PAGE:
The New York Supreme Court, Appellate Division, First Department affirmed a trial court’s order that denied both the defendant’s motion for new trial and the defendant’s motion to reduce judgment interest rate in a personal injury case involving a lawnmower accident.
An employee of the New York City Housing Authority was mowing a lawn using a lawnmower. The plaintiff, a small child, was standing near the yard. When the lawnmower ran over a rock, the machine ingested the rock and then rapidly ejected it at the plaintiff. The rock struck the plaintiff on the left shin. The projectile rock caused serious and permanent damage. The plaintiff suffered from a large, open gash with exposed shin bone, a spiral fracture in his left tibia bone, and permanent damage to the tendons, ligaments, muscles, and nerves in his leg. The plaintiff was immediately hospitalized and remained in the hospital for 3 days where he was outfitted with a cast and necrotic tissue was removed. The plaintiff wore the cast for 6.5 weeks. When the cast was removed, he was left with a permanent scar that ran the length of his shin. Due to permanent muscle and tendon damage, the plaintiff can no longer participate in sports.
As a result of the accident, the plaintiff filed a personal injury lawsuit against the New York City Housing Authority. Even though the New York City Housing Authority itself was not personally responsible for the accident, its employee was, and the employee was acting as an agent of the Housing Authority when he was mowing the lawn. Employers are responsible for the actions of their employees and can be liable when the employees act negligently while on duty and performing their work tasks. This employee was tasked with mowing lawns for properties owned by the Housing Authority. The employee must take care when mowing lawns to ensure he operates the lawn mower safely. Running over a rock is dangerous – it can damage the lawn mower and can cause an accident such as this. Because the employee acted negligently by running over the rock, the Housing Authority was liable for his negligence.
The parties proceeded to trial, and the jury found in favor of the plaintiff. The jury awarded the plaintiff $250,000 for past pain and suffering at 9% interest per annum. Judgments accrue interest until they are paid in full. Many losing defendants do not have the available funds up-front to pay a judgment in full at the close of the case, especially if the verdict is quite large. To assist the plaintiff, who must wait for this payment from the defendant, and to incentivize the defendant to pay earlier, the court will often order interest that accrues annually on the remaining balance of the judgment.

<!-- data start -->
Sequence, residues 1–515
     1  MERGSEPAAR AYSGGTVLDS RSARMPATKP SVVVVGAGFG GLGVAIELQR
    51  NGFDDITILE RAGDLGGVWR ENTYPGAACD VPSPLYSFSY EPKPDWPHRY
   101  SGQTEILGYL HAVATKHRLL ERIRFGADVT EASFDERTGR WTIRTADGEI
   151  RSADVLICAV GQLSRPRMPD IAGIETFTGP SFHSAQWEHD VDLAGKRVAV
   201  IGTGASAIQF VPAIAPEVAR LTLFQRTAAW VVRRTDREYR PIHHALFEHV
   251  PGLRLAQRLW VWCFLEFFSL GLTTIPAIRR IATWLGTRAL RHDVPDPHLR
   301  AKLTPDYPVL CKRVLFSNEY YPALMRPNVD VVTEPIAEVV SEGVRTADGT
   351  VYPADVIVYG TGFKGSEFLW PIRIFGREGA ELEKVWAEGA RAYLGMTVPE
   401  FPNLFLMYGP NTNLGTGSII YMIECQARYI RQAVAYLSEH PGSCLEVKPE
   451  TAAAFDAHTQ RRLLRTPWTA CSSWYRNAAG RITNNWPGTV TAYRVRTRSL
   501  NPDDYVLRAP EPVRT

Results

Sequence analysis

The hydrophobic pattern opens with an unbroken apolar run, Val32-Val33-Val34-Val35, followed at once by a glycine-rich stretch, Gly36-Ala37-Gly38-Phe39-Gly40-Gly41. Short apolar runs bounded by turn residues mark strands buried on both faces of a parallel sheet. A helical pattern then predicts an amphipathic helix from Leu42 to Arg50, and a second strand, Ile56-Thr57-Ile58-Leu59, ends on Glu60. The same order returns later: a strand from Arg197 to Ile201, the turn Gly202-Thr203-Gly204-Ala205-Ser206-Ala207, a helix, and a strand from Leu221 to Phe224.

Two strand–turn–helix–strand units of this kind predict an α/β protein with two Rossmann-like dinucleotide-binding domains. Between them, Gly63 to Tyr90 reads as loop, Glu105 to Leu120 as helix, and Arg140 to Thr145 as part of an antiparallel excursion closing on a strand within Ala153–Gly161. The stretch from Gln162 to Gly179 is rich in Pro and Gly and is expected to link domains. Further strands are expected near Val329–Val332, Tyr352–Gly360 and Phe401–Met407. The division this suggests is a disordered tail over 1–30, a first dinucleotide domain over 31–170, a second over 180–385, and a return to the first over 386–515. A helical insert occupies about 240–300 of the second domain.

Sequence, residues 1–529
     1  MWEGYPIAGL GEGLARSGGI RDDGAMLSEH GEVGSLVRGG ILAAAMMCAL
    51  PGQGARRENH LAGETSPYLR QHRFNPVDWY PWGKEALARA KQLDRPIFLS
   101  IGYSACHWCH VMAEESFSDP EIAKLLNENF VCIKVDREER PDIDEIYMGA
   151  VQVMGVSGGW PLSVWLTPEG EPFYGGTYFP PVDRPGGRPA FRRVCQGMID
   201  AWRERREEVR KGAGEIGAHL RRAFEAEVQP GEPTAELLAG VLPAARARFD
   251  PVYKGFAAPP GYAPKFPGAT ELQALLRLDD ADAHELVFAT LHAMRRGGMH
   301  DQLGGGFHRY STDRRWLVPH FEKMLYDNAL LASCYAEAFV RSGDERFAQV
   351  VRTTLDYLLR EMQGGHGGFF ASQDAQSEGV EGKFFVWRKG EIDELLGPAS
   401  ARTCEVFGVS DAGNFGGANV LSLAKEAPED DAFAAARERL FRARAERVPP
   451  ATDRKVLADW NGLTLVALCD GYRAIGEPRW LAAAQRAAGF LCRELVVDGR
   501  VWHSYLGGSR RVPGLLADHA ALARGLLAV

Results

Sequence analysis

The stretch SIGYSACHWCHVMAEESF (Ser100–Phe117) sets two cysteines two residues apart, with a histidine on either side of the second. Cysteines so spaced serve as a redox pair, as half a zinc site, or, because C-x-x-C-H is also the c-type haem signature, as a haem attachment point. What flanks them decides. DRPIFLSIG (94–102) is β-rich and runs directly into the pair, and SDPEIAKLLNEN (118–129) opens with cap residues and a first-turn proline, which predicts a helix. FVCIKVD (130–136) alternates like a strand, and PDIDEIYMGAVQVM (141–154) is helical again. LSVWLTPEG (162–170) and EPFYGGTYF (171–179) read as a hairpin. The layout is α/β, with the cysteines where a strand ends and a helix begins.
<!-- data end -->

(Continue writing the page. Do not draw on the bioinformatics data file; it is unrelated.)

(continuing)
Here, the interest rate was 9%, which is the average for civil cases in New York. However, the Housing Authority moved to reduce the interest rate and instead requested a 3% interest rate. The Court of Appeals has held that 9% is a “presumptively fair and reasonable” interest rate in a personal injury case involving the same defendant. In order to rebut this reasonable interest rate, the defendant must show a valid reason for a lowered interest rate or must show that the interest rate, given the circumstances, is not fair or reasonable. Here, the Housing Authority failed to rebut the presumption. As such, the motion was properly denied.
The Housing Authority also argued that the $250,000 award for past pain and suffering was unreasonable. However, given the circumstances, including the extent of the injury and its effect on the plaintiff’s ability to participate in physical activities, the First Department held that the award did not materially deviate from the realm of reasonable compensation.
If you or a loved one has been injured in an accident, you have legal options. To discuss your right to compensation, call the skilled personal injury lawyers at the Law Offices of Thomas L. Gallivan, PLLC today to schedule a free consultation.
Roy L.N., Jr. v. New York City Housing Authority, 125 AD3d 471 (1st Dept. 2015).